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Feeling Warm and Sunny

October 22, 2020 by Ernie McCray

Feeling Warm and Sunny

by Ernie McCray

It’s such a warm
and sunny feeling
to sense
human progress
in the air
like the other day
in a Zoom meeting
with a few athletes
at the U of A
about inclusion,
human beings being
valued for who they are,
me sharing
how, in my day,
there was little to no interest
in social
or political change,
how we athletes, in the main,
just played our games.

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Internal Police Review Says Officers Justified in Using Force in Arrest of Black Woman in Ocean Beach Last May

October 21, 2020 by Source

Do you recall the May 1 rough arrest of a Black woman walking her dog at the water’s edge in Ocean Beach?

An internal police investigation just determined that officers were justified in using force during her arrest. Not everyone agrees with this result and it actually gives more cause to vote for Measure B which would establish a real police-oversight board. We raised the issue five and a half months ago in our report:

The arrest and rough treatment Friday, May 1, of an African-American woman for walking her dog at Ocean Beach without a leash raises troubling questions.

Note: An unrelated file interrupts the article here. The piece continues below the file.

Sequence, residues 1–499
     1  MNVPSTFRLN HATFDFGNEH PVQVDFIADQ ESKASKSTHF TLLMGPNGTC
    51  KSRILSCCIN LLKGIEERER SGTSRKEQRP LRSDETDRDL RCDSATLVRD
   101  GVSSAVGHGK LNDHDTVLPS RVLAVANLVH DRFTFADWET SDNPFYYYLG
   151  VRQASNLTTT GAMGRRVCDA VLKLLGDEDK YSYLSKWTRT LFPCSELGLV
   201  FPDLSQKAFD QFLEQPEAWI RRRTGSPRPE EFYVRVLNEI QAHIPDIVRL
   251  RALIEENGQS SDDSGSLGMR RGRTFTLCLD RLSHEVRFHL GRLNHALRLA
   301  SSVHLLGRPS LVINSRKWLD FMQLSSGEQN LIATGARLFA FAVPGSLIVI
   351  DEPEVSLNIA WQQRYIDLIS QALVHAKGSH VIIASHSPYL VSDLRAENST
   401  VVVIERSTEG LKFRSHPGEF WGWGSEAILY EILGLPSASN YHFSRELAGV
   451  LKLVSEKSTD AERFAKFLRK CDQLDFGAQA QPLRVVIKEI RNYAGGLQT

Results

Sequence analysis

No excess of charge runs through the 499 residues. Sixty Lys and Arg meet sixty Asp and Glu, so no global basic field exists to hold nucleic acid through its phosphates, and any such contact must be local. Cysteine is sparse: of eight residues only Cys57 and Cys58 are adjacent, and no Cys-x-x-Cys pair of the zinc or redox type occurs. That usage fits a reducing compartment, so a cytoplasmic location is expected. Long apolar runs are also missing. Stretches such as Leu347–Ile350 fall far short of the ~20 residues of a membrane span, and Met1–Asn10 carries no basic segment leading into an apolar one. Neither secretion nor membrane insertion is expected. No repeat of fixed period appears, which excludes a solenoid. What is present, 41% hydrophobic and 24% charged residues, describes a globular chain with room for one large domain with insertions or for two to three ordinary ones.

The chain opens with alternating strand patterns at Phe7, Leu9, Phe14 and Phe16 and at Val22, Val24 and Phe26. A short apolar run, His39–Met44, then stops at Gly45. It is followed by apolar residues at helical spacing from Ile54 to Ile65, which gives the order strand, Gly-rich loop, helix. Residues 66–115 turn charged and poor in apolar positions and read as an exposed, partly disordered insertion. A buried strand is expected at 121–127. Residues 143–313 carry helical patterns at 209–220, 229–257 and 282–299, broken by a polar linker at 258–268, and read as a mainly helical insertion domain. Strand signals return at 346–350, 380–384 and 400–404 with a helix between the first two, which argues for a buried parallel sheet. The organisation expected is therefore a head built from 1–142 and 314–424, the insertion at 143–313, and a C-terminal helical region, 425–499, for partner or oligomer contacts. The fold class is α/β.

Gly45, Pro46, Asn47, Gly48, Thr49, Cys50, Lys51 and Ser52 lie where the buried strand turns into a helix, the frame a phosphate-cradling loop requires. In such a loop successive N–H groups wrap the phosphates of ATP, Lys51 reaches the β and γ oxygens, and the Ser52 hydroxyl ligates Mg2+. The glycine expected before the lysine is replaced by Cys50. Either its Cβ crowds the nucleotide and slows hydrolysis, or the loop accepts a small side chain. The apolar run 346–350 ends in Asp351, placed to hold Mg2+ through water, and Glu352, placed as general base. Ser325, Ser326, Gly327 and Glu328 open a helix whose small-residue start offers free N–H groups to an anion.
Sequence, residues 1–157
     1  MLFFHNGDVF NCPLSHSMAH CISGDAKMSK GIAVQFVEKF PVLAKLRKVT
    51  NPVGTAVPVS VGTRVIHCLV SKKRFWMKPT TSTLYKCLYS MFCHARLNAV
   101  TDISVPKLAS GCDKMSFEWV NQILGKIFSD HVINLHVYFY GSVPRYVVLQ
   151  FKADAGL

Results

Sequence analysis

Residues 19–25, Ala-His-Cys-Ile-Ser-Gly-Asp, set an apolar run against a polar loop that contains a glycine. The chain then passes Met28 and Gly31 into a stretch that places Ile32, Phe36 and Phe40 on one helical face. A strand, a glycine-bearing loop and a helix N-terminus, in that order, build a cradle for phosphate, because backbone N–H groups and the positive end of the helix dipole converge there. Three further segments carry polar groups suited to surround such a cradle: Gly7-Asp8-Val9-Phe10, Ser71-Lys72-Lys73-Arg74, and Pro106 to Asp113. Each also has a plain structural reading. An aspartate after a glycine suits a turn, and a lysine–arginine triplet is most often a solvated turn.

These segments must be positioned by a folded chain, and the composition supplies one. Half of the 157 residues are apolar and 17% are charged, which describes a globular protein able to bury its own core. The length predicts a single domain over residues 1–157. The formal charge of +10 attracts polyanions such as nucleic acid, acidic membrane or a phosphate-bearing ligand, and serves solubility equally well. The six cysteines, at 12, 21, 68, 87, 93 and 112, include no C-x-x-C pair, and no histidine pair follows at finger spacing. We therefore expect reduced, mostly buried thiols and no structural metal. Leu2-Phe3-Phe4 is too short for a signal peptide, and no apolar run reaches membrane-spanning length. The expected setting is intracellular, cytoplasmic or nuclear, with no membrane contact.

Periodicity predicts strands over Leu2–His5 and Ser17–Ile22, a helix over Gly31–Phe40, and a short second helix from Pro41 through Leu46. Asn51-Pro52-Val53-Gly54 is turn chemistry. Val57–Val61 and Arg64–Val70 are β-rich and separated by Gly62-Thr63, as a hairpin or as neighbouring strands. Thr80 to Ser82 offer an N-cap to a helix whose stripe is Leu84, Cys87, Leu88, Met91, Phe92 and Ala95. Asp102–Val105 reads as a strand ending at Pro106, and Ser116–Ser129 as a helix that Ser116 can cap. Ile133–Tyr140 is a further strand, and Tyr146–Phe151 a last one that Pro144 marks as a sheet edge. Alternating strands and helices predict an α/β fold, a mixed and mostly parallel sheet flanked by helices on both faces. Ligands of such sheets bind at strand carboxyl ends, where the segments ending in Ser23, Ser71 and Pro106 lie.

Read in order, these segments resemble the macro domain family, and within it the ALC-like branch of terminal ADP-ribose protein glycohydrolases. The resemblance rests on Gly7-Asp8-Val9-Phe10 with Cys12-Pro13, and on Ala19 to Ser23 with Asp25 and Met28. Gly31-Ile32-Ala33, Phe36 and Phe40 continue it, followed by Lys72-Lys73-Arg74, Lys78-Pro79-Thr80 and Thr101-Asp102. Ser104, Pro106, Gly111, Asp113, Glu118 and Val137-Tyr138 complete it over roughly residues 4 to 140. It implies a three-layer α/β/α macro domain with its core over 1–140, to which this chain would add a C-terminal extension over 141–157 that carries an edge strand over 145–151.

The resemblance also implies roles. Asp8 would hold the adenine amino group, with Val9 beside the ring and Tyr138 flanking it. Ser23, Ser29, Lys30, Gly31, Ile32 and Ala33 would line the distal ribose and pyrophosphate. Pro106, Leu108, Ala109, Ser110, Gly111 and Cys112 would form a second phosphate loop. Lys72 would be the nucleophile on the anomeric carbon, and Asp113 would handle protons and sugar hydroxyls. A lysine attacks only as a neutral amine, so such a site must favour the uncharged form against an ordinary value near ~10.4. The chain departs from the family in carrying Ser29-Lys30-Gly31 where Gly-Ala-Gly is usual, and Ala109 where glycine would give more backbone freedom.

A video taken of the incident shows a Black woman in a white bathing suit being taken into custody by several San Diego police officers, accompanied by a couple of lifeguard on the shores of Ocean Beach. She apparently had been noticed by lifeguards walking her dog without a leash.

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Measure B Gives San Diego Voters Chance to Finally Beef Up Police Oversight

October 21, 2020 by Source

By Claire Trageser / KPBS News / October 21, 2020

San Diego voters will have the opportunity in the November election to create more robust community oversight on the actions of police officers.

Activists wanted a stronger community review board for the police department back in 2016, but settled for Measure G, which made smaller changes.

Then they tried again in 2018, but the City Council did not act quickly enough to put the measure on the ballot.

Now, in 2020, Measure B is asking voters to create a Commission on Police Practices, which would have members appointed by the City Council, its own staff, an independent attorney and the power to subpoena and conduct investigations into police officer misconduct.

The commission would also review complaints against officers and investigate in-custody deaths, shootings by police and other allegations of misconduct. Finally, it would make recommendations on police officer discipline and police policies.

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A Statue in Absentia

October 20, 2020 by Ernie McCray

by Ernie McCray

Pete Wilson’s statue near Horton Plaza was removed and I feel a little more at ease with my world.